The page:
At the end of 2023, European Union bodies concluded trilogue negotiations on the draft Artificial Intelligence Act (AI Act)[1]. Representatives from the European Commission, the European Parliament and the Council reached an agreement on the AI Act, the aim of which is to ensure the protection of fundamental rights, democracy and the rule of law in relation to the use of AI solutions within the European Union, while boosting innovation and making Europe a leader in the field of AI.

The news of the concluded trilogues was well received. Interest in the AI Act proved to be so high that two unofficial consolidated versions of the regulation were ‘leaked’ onto the internet on Monday, 22 January. One of the people who decided to share the consolidated text of the AI Act is Luca Bertuzzi, technology editor of Euractiv, who reported that “given the enormous public attention on the AI Act I took the rather unprecedented decision to publish the final version of the text”[2]. Moments later, a consolidated version of the regulation was published by Laura Caroli, Senior Policy Advisor at European Parliament[3]. Afterwards, the official version of AI Act was ultimately adopted at a meeting of ambassadors within the Committee of Permanent Representatives of the Member States (COREPER) on 2 February. The vote on the proposed text of AI Act in the Committees of the European Parliament (IMCO, LIBE) was held on February 13 and a month later (on the plenary session on Match 13) the vote on the regulation took place in the European Parliament. Therefore, it is worth mentioning out the latest arrangements regarding the content of the AI Act from the financial sector’s perspective.

Recognising the potential threats to citizens’ rights posed by certain applications of artificial intelligence, EU lawmakers decided to include in the catalogue of banned AI systems:

  • biometric categorisation systems that use sensitive characteristics;
  • systems that manipulate human behaviour and exploit human vulnerabilities (due to age, disability or socio-economic situation);
  • so-called ‘social scoring’ systems, based on social behaviour or personal characteristics;
  • emotion recognition systems in the workplace and educational institutions;
  • systems for making risk assessments of natural persons in order to assess or predict the risk of committing a criminal offence (based solely on the profiling of a natural person or on assessing their personality traits and characteristics);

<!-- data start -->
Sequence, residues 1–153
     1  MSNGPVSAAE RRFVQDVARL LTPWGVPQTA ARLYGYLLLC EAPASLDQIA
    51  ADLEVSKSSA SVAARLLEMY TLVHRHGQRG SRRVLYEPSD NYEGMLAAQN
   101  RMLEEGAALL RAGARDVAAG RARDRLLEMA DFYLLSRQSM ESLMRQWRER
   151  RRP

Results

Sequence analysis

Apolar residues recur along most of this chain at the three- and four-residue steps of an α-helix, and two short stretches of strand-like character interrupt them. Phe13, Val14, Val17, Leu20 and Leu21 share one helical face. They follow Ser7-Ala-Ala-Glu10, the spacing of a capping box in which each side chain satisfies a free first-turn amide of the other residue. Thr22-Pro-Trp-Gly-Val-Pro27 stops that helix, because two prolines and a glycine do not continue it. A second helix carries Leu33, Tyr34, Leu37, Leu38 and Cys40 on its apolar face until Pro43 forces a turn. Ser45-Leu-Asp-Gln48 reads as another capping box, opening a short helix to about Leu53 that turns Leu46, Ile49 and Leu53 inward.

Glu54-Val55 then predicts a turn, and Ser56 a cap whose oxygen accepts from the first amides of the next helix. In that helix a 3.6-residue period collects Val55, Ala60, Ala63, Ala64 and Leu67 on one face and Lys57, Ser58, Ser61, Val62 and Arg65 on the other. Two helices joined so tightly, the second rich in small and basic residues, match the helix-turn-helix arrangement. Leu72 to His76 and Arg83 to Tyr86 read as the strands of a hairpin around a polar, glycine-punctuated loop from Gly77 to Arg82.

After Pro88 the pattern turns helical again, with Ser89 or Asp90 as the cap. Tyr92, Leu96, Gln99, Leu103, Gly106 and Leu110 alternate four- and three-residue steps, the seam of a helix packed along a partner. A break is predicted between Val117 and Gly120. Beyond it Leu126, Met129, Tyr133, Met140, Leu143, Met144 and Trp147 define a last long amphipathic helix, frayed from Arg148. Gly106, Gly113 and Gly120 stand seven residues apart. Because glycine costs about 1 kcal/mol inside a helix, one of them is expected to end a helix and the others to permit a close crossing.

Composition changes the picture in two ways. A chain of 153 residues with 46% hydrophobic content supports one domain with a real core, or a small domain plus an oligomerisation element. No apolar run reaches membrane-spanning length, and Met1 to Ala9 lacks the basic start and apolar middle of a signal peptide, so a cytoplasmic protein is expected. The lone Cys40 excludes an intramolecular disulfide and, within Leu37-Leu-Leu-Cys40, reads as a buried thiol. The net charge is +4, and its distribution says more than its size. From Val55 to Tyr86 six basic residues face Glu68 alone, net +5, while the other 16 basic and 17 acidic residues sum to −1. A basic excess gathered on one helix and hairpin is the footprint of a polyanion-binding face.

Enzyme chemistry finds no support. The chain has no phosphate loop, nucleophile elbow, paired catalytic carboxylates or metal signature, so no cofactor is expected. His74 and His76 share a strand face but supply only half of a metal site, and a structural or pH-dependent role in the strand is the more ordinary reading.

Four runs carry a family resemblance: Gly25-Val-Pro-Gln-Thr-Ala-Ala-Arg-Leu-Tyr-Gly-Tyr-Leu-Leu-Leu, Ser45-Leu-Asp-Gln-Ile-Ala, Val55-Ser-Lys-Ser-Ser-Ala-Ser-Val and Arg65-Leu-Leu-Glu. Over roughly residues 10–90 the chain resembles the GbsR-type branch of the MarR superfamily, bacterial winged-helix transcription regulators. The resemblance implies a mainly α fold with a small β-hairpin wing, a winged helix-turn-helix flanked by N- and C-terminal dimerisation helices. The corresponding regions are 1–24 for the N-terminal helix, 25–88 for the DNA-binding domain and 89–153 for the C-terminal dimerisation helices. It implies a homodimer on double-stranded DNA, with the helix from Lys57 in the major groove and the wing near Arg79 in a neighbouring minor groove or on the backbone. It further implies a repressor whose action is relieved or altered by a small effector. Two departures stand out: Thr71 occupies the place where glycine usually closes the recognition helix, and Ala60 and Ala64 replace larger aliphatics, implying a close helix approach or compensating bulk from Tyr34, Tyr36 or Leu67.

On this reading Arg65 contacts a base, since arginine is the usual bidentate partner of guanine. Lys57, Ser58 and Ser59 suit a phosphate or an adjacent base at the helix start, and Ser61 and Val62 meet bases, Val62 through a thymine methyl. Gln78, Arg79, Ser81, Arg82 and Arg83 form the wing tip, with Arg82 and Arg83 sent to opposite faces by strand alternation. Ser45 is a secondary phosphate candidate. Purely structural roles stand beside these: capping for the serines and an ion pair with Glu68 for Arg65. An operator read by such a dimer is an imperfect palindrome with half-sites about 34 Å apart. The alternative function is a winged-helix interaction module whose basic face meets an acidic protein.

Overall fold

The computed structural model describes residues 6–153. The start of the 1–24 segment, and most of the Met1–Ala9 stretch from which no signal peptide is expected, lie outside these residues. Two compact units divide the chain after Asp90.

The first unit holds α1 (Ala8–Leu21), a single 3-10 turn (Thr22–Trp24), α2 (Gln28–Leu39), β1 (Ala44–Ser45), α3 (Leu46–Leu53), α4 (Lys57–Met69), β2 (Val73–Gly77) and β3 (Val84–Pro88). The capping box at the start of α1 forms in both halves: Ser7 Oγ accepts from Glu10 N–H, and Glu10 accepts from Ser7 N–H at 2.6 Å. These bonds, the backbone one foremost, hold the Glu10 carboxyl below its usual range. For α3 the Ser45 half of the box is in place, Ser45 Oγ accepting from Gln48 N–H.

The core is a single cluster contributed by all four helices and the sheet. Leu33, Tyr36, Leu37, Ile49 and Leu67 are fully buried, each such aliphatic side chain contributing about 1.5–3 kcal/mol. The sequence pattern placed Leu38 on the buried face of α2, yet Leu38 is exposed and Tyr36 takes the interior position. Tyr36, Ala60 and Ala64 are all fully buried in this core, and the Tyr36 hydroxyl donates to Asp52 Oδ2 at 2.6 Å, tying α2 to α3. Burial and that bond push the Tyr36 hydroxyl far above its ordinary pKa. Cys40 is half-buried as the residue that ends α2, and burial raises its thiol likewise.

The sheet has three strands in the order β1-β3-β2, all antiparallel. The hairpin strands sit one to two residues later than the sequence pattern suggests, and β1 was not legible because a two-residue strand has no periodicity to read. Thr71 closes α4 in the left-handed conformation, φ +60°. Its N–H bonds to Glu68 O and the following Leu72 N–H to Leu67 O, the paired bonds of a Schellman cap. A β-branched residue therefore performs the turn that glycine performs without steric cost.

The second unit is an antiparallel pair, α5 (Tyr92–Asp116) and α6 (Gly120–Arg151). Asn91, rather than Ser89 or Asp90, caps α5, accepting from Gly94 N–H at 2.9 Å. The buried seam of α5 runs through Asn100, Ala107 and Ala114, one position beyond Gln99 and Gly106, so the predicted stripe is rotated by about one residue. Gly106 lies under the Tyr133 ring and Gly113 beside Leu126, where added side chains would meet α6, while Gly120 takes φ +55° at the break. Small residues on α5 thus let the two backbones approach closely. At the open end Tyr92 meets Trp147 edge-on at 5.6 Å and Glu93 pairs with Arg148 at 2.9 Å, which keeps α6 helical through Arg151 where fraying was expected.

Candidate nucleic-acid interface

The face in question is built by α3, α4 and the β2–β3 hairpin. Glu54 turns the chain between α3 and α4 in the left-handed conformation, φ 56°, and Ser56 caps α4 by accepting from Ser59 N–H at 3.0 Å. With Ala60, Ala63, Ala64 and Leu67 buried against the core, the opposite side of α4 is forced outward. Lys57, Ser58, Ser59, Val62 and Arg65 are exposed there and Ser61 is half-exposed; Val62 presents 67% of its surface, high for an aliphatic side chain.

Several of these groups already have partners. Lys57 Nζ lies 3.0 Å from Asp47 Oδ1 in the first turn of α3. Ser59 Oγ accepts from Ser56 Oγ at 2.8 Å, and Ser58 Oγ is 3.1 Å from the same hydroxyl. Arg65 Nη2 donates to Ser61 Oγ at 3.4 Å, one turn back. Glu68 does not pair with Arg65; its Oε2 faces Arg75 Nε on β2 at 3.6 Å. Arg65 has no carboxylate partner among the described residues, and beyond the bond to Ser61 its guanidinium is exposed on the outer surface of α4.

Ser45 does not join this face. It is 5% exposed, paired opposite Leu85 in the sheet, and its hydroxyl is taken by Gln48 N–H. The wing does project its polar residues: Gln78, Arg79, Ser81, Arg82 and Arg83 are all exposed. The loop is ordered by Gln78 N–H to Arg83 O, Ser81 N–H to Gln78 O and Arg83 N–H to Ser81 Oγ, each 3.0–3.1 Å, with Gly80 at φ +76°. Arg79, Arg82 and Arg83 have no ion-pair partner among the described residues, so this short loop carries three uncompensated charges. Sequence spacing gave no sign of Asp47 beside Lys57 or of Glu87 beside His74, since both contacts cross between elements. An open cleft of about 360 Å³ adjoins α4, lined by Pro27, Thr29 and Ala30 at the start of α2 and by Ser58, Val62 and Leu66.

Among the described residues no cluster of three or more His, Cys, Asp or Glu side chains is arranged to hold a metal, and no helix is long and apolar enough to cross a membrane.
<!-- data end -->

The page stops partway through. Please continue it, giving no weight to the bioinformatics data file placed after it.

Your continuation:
• systems for making risk assessments of natural persons in order to assess or predict the risk of committing a criminal offence (based solely on the profiling of a natural person or on assessing their personality traits and characteristics);
  • untargeted scraping of facial images from the internet or CCTV footage to create facial recognition databases.

An exception has been provided for the use of (generally prohibited) remote biometric identification systems in public spaces with respect to the strictly defined cases related to law enforcement. The use of such systems will be limited for the purposes of: searching for victims of certain crimes, preventing terrorist threats, and for the purposes of locating and identifying suspects of crimes identified in the regulation.

When it comes to financial institutions, the ban on the use of the above systems will be most noticeable in two areas. The first one is onboarding and contact with customers, where AI systems could ease the burden on staff, as well as eliminate the risk of human error. However, financial entities will not be allowed to use AI systems that perform biometric categorisation based on sensitive customer characteristics, such as race or gender, for the purpose of customer verification process. The use of systems that manipulate human behaviour and exploit human vulnerabilities, such as age or disability, will also be considered unacceptable when dealing with customers. In light of the above, financial institutions will be obliged to carefully select the AI systems they use in their dealings with customers so as not to risk violating their fundamental rights or engaging in the aforementioned prohibited practices.

The second area worth mentioning is the monitoring of employee behaviour. In domestic law, this issue is regulated, for example, in Article 22² of the Labour Code, which provides for situations in which employee monitoring may be permissible. The application of such a solution could lead to discrimination against employees who, for various reasons, show negative emotions at work and consequently affect their promotion prospects or the results of their periodic evaluation. Therefore, the ban proposed by the EU legislator’s, prohibiting in principle the use of AI systems that recognise human emotions in the workplace, seems justified. It is worth mentioning that the use of emotion recognition systems in the workplace is to be allowed by way of exception and only to ensure the safety and health protection of staff.